[Skip to Content]
[Skip to Content Landing]
July 1973

Nonmedical Drug Use Among Medical Students

Author Affiliations

From the Department of Psychiatry, University of Pennsylvania School of Medicine, Philadelphia. Dr. Gallagher is currently at the Bronx Municipal Hospital; Dr. Lapid at the Department of Psychiatry, Stanford University, Stanford, Calif; Dr. Rubin at the Department of Psychiatry, Yale University, New Haven, Conn; and Dr. Good at the Veterans Administration Outpatient Clinic, Oakland, Calif.

Arch Gen Psychiatry. 1973;29(1):48-50. doi:10.1001/archpsyc.1973.04200010029005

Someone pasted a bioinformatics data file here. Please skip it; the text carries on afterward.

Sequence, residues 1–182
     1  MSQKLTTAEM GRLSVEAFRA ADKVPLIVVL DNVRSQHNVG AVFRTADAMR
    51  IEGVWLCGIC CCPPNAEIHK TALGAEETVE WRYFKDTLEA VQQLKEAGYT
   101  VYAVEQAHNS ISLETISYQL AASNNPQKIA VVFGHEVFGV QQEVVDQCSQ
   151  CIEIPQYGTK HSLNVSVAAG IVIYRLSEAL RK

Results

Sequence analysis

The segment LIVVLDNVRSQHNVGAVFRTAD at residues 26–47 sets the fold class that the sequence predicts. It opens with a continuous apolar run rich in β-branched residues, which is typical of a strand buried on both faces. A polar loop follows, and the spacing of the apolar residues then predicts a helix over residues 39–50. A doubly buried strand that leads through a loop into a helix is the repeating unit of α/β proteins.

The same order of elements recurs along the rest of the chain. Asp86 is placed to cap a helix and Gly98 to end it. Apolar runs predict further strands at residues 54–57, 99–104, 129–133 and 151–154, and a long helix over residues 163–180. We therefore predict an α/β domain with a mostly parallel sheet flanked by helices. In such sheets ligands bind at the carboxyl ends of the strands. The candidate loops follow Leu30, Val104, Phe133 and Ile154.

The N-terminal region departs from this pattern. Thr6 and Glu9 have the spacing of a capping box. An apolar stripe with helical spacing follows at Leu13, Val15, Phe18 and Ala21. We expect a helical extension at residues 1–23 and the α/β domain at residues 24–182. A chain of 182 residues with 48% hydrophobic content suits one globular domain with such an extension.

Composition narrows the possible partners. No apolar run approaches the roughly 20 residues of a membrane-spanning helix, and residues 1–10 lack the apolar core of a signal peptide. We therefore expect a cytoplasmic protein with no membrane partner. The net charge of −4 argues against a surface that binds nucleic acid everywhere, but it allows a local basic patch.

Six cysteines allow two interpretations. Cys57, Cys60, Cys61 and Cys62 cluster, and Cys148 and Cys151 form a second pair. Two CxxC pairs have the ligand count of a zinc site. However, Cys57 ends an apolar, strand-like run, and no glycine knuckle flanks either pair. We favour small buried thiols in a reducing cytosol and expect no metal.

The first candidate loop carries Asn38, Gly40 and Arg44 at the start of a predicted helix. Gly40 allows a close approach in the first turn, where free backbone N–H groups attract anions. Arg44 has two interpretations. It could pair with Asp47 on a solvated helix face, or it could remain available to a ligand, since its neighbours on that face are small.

This paper reports on surveys of illicit drug usage by medical students during 1970 and 1972. A high rate of response from each of the four classes in both years revealed a large increase in the number of students who used cannabis between 1970 and 1972. Despite this greater occurrence of use, there was a marked decline in the current frequency of use among the two classes studied in both years, evidently due to loss of interest in taking the drug.

Over the two years there was also a decrease in the number of students favoring legalization of marihuana. In both studies relatively few students had ever taken LSD, mescaline, amphetamines, and barbiturates, and here too interest decreased by 1972. These findings suggest that a wave of cannabis use passed through the medical school irrespective of the age of the student and has now subsided.